“Education and opportunities are dramatically different today,” said state Rep. Paul Lundeen, a Monument Republican working to change the funding formula. “The funding formula affects how we deliver — in meaningful ways — those opportunities. It’s time to update.”

Lundeen, along with Denver Democrat state Rep. Alec Garnett, has introduced a bill that would establish a committee of 10 lawmakers charged with proposing legislation during the next two years. The bill grants the committee the authority to study and propose changes to tax policy and the formula that divides school funding.

“Coloradans fundamentally are telling the legislature, ‘Do better,’” he said. “We shouldn’t be using a formula from 1994. We should be using a formula that reflects the realities of today.”

Politics over how much each school receives — or doesn’t — are sure to get in the way of policy, both lawmakers said. But they’re resolved to push through a compromise.

“It’s incumbent upon us to bridge the divide,” Lundeen said. “We go in with eyes wide open. We realize it’s going to be tough. But we need to do something.”

A coalition of Colorado superintendents are one step ahead of lawmakers. After meeting privately for three years, they are beginning to share their proposal to fund schools with advocacy groups and lawmakers.

The superintendents are calling for more money for students who are poor, learning English as a second language, are gifted and talented or have learning disabilities. While it does take into account the size and geography of the school, those are lesser factors.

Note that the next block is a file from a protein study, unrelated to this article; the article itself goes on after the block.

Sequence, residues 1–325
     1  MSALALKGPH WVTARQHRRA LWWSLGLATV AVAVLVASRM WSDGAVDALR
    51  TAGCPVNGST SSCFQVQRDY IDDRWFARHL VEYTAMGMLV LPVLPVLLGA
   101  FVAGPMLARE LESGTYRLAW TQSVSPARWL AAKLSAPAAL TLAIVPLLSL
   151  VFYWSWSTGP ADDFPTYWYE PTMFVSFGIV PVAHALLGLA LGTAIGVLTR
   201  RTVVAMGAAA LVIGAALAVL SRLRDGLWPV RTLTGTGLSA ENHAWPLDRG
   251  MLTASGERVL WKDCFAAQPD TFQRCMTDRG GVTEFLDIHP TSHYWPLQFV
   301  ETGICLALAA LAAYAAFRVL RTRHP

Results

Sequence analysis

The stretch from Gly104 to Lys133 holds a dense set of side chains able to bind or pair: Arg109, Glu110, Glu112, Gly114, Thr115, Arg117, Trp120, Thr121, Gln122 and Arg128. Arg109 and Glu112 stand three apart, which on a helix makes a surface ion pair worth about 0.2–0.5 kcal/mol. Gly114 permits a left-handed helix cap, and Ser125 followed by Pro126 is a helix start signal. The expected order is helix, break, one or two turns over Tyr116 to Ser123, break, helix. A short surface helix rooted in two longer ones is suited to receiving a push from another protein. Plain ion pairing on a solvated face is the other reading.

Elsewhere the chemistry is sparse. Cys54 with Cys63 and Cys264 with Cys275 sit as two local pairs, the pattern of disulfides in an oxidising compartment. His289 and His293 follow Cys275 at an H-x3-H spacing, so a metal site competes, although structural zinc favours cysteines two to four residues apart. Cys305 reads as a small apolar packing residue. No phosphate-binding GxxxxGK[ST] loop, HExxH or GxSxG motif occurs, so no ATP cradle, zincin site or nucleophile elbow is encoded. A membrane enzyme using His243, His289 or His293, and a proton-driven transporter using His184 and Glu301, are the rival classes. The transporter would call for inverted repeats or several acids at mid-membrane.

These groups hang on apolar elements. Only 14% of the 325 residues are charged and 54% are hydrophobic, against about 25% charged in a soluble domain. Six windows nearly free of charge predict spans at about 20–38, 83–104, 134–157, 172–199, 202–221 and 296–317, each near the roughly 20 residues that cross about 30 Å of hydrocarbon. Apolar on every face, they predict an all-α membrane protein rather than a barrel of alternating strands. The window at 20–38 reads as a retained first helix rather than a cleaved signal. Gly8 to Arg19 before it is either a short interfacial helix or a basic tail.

Shifting the focus to student need instead of district characteristics is likely to win favor with lawmakers from both parties. But the price tag will be a likely roadblock. While the school chiefs haven’t added it all up, their formula could easily cost another $1 billion.

That’s likely a nonstarter for Republicans who are convinced the more than $6 billion the state spends on schools is enough.

Walt Cooper, superintendent of the Cheyenne Mountain School District in Colorado Springs, said the superintendents didn’t create the formula based on what they believe are students’ needs.

“It’s not how much money do we have to start with and how can we back into dividing that,” he said. “It’s really what is the amount needed to do the job we’re expected to do.”

Cooper said the superintendents aren’t living in a fantasy world.

“This is probably an approach and a model we’ll have to grow into over time,” he said.

A new campaign

While lawmakers are poised to debate how to slice the fiscal pie, a coalition of education advocacy groups is laying the groundwork to once again ask voters for more money.

Last week, the Colorado Education Network met for the first time in a ballroom on the University of Denver campus. The new organization is the first byproduct of ongoing conversations about a 2018 ballot question lead by Great Education Colorado, a 14-year-old nonprofit that advocates for school funding.

“Somebody else is not going to fix school funding,” Lisa Weil, executive director of Great Education Colorado, told the room of 250 parents, school leaders and school board members. “It has to be the grassroots to the rescue.”

In an interview, Weil said her organization and its partners haven’t settled on a strategy to increase school funding. But the network — which includes the Colorado Association of School Boards, Padres Unidos y Jovens and the Colorado Children’s Campaign — is a crucial first step.

“The mechanism and vehicles that move us forward have yet to be seen,” she said. “But we know we’re going to have to engage voters one way or the other to invest in schools.”